Ursula von der Leyen is facing fresh criticism over the wiping of a second mobile phone that could have been used as evidence in a parliamentary inquiry.
The inquiry is looking into the alleged improper awarding of government contracts when von der Leyen was German defense minister.
Lawmakers were informed Monday that all messages had been deleted on a phone that von der Leyen had used until recently. The news comes barely a month after the ministry admitted that another phone previously used by von der Leyen had also been wiped clean of all data. Green Party MP Tobias Lindner filed a criminal complaint over that first deletion of data.
Opposition lawmakers are outraged because they believe both phones could have been crucial evidence in a scandal over lucrative defense ministry contracts that were awarded to outside consultants without proper oversight. The parliamentary committee is investigating whether a network of informal personal connections facilitated those deals, and whether von der Leyen was involved.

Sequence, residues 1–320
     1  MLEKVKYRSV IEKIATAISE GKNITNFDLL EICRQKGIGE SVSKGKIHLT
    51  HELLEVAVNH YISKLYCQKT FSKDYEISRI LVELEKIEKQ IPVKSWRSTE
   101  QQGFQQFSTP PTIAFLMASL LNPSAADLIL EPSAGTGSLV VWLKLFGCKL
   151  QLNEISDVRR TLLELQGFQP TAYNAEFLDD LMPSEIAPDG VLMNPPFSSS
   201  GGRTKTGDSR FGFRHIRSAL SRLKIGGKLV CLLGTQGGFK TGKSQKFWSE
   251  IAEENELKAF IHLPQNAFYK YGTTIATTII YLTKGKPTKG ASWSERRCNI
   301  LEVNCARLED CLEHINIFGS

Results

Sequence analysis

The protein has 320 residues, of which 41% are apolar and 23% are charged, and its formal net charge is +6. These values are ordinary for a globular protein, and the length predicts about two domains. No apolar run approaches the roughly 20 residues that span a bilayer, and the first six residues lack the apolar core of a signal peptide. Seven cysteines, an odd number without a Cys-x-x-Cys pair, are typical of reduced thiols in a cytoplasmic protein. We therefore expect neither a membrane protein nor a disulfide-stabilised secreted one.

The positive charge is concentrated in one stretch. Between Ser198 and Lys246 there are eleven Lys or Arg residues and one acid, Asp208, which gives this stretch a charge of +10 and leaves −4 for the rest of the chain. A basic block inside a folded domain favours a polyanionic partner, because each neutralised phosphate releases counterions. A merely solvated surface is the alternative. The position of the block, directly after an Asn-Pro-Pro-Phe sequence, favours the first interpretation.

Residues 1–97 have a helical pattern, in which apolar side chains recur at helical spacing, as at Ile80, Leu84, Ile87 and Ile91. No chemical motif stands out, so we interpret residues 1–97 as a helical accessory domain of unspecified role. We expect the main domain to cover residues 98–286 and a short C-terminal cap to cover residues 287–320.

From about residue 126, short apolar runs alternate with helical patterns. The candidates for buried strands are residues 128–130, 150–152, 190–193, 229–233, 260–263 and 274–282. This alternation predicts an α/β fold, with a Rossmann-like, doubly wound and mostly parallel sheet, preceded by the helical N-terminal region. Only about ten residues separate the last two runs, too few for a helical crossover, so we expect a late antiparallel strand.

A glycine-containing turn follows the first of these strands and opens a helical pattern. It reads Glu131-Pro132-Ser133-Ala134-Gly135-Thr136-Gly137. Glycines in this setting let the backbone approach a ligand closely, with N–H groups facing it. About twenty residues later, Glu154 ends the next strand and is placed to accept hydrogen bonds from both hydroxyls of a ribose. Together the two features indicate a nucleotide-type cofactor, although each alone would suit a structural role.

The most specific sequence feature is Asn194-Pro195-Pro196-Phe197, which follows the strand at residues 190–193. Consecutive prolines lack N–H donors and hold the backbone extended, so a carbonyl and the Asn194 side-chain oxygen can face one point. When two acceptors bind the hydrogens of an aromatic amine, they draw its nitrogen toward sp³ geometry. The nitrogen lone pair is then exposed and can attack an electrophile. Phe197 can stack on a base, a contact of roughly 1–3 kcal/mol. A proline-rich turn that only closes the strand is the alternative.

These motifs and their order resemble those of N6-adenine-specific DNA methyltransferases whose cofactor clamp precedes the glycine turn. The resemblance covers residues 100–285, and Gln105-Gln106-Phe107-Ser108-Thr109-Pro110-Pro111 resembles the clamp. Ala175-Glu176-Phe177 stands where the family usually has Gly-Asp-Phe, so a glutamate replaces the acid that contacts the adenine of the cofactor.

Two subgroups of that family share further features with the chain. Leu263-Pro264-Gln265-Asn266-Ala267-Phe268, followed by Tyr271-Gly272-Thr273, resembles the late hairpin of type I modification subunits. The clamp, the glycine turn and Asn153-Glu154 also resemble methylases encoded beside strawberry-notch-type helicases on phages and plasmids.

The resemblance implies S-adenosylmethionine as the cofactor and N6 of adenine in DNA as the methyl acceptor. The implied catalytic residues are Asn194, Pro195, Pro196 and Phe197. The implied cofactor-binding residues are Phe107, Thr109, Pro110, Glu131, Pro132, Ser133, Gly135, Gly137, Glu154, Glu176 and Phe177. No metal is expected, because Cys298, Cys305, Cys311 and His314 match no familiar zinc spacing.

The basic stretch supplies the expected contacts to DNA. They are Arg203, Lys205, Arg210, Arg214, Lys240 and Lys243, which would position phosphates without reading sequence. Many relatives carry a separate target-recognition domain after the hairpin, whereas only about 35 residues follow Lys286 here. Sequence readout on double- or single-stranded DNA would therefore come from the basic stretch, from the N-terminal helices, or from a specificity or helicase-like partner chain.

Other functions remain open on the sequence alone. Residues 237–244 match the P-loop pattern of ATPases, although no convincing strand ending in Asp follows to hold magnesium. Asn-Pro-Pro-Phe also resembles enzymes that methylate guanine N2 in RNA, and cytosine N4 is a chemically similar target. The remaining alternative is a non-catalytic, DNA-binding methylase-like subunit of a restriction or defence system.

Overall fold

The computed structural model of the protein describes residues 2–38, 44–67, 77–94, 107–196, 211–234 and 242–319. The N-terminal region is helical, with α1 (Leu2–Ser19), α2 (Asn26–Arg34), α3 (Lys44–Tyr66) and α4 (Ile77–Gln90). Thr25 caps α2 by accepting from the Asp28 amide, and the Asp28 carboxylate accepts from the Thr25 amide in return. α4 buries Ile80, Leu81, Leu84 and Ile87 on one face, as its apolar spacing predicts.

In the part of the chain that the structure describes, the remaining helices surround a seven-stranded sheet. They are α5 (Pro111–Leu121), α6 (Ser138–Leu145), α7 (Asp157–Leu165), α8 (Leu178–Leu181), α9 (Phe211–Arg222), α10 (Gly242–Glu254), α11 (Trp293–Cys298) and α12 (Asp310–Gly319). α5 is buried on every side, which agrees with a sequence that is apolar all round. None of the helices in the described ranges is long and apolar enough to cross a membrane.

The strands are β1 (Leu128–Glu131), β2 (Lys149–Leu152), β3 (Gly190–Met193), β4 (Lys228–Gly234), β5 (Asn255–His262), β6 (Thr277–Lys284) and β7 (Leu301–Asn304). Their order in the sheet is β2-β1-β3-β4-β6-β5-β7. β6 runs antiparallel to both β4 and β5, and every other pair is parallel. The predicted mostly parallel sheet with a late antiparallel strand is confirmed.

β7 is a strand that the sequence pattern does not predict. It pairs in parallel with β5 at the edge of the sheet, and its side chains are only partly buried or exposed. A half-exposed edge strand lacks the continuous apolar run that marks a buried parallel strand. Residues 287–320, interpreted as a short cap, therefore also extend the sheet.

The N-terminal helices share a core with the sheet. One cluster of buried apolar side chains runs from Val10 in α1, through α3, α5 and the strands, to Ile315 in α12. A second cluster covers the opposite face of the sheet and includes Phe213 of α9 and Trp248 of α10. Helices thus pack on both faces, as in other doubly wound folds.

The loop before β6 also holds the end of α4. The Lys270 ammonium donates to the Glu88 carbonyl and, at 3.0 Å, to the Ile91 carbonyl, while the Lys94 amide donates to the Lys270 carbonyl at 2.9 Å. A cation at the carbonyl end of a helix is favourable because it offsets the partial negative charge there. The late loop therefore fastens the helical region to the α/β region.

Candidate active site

Green Party MP Lindner said that the events “required an explanation.” Von der Leyen is scheduled to be questioned by the investigating committee on February 13.
Questions are also being asked about the role of Björn Seibert, a close aide of von der Leyen in German politics and at the Commission.
Seibert agreed on January 3, after news about the wiping of von der Leyen’s phone first emerged, that her other phone could be examined, according to a defense ministry report from Monday.
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